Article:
Wednesday, January 9, 2008

book review, part 1--after the death of god--toward a nonreligious christianity

A week or two ago, I found a book at a bookstore called "After the Death of God", with some writings in it by two men, Caputo and Vattimo. Try to give the reasons such a work may have come to be of more then casual interest would be too long, but both names have come up in their own ways, and in regards to Caputo, I have heard some presentations of his on podcasts from a certain religious website. A few weeks ago I even commented on some things Caputo has written.

The book has an introduction, not by one of the authors above, then begins with what I guess could be called an essay by Vattimo, called "Toward a Nonreligious Christianity".

One thing I want to say is that the essay is written in an accessible way. Not that it is all of that easy to understand, and I can't claim perfect understanding of it all, but I'll take the chance that I do understand him to some degree.

Vattimo seems to claim so kind of Christian belief, but it also seems to be of a peculiar sort. For example, on p. 42, in regards to the Lord's prayer, he says

...I know preciese that the words I am using are not intended to convey some literal truth. I pray these words more for the love of a tradition than I do for the love of some mythic reality.

and here, on p. 38

Likewise, with the language of the gospel, I can only understand it as that which is not ontic, not given in the external world, not is it meant to be interpreted realistically.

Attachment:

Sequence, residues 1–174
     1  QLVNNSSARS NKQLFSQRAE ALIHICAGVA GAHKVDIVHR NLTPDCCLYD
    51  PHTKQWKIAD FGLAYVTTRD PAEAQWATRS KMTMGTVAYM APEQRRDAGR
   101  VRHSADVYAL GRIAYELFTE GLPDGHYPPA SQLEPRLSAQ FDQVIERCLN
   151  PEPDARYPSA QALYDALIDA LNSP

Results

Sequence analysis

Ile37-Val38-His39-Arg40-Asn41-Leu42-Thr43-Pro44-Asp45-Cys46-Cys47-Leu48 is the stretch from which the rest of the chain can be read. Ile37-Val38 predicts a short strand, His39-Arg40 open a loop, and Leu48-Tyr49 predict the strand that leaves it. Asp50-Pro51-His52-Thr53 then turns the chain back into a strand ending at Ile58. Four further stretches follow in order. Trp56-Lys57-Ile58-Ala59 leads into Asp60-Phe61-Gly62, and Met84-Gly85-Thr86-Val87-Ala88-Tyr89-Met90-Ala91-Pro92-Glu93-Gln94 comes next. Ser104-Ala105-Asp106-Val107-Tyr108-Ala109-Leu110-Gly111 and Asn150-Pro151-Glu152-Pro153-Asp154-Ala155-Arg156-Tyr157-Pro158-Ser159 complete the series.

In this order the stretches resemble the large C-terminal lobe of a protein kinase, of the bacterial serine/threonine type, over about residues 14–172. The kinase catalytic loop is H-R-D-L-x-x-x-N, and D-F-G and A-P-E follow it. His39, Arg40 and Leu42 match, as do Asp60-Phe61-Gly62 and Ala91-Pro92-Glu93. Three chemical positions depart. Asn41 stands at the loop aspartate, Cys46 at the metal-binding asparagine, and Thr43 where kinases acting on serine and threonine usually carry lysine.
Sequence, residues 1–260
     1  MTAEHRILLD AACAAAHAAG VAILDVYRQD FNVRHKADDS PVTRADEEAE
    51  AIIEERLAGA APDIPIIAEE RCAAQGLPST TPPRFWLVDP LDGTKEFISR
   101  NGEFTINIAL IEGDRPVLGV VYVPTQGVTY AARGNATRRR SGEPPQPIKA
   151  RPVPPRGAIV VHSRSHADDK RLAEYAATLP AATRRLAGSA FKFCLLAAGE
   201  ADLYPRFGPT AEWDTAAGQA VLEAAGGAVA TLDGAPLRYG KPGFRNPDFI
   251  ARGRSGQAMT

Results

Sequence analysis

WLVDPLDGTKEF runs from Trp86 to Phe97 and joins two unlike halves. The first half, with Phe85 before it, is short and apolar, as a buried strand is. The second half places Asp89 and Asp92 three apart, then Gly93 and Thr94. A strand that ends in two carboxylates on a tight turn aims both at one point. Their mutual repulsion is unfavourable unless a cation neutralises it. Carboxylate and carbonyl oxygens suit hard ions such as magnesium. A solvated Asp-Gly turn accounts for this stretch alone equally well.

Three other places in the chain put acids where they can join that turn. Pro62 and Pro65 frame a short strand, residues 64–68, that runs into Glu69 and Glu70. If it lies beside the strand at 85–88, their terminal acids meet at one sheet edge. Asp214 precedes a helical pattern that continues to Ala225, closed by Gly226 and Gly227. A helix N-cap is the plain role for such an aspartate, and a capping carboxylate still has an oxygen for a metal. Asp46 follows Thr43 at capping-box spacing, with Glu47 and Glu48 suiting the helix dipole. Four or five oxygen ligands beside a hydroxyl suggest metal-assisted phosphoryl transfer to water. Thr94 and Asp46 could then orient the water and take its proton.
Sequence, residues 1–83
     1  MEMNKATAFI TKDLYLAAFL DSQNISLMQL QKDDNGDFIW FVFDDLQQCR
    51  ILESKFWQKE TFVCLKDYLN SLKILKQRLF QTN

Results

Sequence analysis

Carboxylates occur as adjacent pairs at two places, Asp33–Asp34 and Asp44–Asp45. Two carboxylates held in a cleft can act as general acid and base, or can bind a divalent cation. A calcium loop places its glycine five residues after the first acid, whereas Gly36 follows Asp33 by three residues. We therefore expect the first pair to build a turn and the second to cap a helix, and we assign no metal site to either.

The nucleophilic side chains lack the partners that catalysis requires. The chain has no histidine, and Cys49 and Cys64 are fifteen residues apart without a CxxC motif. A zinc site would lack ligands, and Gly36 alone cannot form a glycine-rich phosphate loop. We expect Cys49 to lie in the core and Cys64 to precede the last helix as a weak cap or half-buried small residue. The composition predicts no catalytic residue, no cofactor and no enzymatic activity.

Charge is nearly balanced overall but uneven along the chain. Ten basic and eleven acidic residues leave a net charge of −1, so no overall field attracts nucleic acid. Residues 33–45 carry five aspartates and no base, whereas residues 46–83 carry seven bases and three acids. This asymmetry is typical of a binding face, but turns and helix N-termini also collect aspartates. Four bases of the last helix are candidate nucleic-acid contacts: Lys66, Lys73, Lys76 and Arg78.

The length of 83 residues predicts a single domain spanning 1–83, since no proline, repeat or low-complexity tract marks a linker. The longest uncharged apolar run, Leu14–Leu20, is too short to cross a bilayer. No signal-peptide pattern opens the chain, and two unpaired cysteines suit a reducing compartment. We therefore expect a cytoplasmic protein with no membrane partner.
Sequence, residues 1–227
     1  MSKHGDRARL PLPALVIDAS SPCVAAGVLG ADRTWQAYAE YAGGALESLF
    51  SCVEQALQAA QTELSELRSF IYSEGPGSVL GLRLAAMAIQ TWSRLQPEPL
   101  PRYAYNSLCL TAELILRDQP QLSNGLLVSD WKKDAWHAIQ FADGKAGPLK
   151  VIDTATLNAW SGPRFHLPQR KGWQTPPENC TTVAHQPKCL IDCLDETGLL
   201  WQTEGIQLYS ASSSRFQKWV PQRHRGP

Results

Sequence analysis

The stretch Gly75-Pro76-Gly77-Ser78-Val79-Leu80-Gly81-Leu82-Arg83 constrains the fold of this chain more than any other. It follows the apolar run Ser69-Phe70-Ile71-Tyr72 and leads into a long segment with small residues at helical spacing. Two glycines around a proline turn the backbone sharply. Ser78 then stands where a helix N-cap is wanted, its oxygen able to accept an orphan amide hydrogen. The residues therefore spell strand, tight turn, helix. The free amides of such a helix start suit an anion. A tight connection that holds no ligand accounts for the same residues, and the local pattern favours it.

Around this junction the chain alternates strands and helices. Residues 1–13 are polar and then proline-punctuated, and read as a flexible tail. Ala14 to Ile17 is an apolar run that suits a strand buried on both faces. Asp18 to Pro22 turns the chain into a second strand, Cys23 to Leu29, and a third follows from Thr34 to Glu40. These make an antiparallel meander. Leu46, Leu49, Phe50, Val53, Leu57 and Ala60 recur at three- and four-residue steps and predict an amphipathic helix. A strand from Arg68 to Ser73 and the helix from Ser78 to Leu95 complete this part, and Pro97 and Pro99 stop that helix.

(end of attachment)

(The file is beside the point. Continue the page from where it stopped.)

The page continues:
Given such statements, then, I don't think it's unrealistic sees the Bible as largely mythic, not history; as mostly a collection of stories, whether divinely inspired or not I'm uncertain as of yet. In fact, I'm pretty well convince, reading other things he's said and written, that he doesn't believe in God at all.

There are two things I want to focus on from this essay. The first is in regards to truth. From p. 37

In Christianity there is a fundamental commitment to freedom. And, to add a bit of scandal, by standing for freedom, this includes freedom from (the idea of) truth. After all, if there really is an objective truth, there will always be someone who is more in possession of it than I and thereby authorized to impose its law obligation on me.

And further down that page.

...if Christianity did not liberate us from objective truth, how could we even maintain our belief in Scripture, or how could we prevent Scripture from being logically inconsistent, if not utterly absurd?

There are several lines this ideas of the Bible being illogical and absurd could have taken. For example, "historical Jesus" which seeks to de-mythologize Him, meaning that it begins with the assumption that accounts of His miracles and His claims to divinity are untrue. There have also been question about the historical reliability of other parts of the Bible, particularly in regards to the early part of Genesis. I think this is partially was on his mind, at least by some things he said in other parts of the essay.

And so we have one of the fruit being born from the compromise with evolution--Scripture when taken as truth becomes "logically inconsistent, if not utterly absurd". What is left? from p. 41

In this sense, emancipation actually consists in pursuing secularization, which is to say, emancipation relies on the process of desacralization, in having a better understanding of the spiritual sense of Scriptures by reading them spiritually.